I immediately jumped to “Why?” I had to know details about this other person, wanting to be told that she wasn’t prettier or more interesting. And I immediately had to gauge how he felt about her. Were his feelings deeper rooted? Did they have more of a connection? More physical chemistry? Why had he lied about what he wanted? Was the way he felt about me a lie?

After a very emotional night and a couple of days of space from one another, we met at a little diner. I let him talk. Rather than communicate what I wanted, I needed to hear what he wanted. To my satisfaction, he said he wanted to be with me. He said his strong feelings towards me scared him, but continued to reassure me of my value, and open up about his history.

Soon he was expressing his fears again: of commitment, of hurting me, of resurfacing feelings towards his ex. I was at a loss for what to do. I suggested he take some time, still hoping that a week’s hiatus from the relationship would be what he needed to realize he wanted it, but knowing deep down where we were headed. Sure enough, we parted ways, a decision that I would not have been strong enough to make. My mind was still reeling weeks later. Tears were still flowing, partially from the loss and partially from the frustration of not knowing how to mentally let go.

I asked the universe for a sign. I asked for strength and a way to move forward.

I was still running into him, still receiving occasional texts, all expressing concern with how I was doing. He was seemingly genuine in his desire to stay connected and even communicated that he missed me too. Though I told myself I shouldn’t try to be his friend, I gave into responding, though I knew my responses were only out of hope that the relationship could one day be again.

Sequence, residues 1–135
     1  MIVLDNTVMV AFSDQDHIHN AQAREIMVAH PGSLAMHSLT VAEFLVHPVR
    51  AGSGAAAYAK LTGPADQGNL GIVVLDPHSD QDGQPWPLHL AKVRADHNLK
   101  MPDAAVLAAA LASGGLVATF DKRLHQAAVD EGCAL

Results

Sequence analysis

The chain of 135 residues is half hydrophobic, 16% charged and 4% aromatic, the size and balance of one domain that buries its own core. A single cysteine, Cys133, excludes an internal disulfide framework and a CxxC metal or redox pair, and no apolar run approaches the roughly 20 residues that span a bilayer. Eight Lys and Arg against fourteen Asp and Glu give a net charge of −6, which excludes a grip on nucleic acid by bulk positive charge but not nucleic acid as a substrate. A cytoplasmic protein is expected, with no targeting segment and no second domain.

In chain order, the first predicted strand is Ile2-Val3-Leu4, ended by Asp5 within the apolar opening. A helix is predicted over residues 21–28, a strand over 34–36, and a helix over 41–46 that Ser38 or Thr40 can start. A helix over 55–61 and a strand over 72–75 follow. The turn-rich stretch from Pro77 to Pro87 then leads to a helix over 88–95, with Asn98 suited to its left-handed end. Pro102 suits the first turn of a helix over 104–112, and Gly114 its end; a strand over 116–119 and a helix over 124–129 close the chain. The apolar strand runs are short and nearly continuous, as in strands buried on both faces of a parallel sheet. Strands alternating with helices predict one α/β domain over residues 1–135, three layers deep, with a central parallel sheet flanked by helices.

And then the universe gave me what I asked for, although when it arrived, my stomach felt as though it had been ripped out and put through a food processor. I was in for the biggest wake up call. In the midst of our “friend texting” where we rehashed our days, and he offered to feed my cat over the holidays, he posted a link to an article he had written on facebook. There it was on the newsfeed for me: a cocky assertion that a series of breakups (ours being the most recent) showed him what he really wanted: meaningless, casual sex with no strings attached.

The article was arrogant and selfish in its assumption that as long as he was honest about it, no one’s feelings would be hurt. But more than the insensitive tone in which he portrayed “boning” anything and everything that he found attractive, I couldn’t get past how seemingly insignificant he made our relationship sound, and how soon after the breakup he was confidently declaring it, as if it were a lie he kept from me all along.

And how almost deliberate it seemed, that he posted it for the entire world, including myself, to see. This wasn’t at all the person I had spent those months with, or the person I had befriended even before then. It wasn’t the voice of the sensitive, caring individual I thought I had fallen in love with, or even that of a friend.


In hindsight, my focus in the relationship was always on trying to read my partner’s feelings. As a result, I neglected my own. Ironically, when a friend of mine first edited this, her biggest critique was that she felt like she had a good sense of my partner but not of me. And on an unconscious level, I was more preoccupied with fighting to keep his interest than monitoring my feelings. I didn’t know it but the signs were all there, the sleepless nights, the anxiety — it was all manifesting physically in my body. I was internally struggling to be enough, rather than focusing on how I felt and the rest take its course.

Looking back, were there red flags or warning signs? Not necessarily. I fought my doubts because I cared about this person. And he fought for the relationship too, repeatedly, even as he sabotaged it. But had I really paid attention to the standard by which I want to be treated, I would maintain control over my happiness, rather than handing that control to someone else. This particular relationship has taught me that not only is it not selfish to pay attention to my needs, but it is necessary. In the absence of this, is there any hope of finding meaning in a relationship?

Lauren Leland is a contributor to This Recording. This is her first appearance in these pages. She is a writer living in Queens. You can find her website here.

Paintings by Glennray Tutor.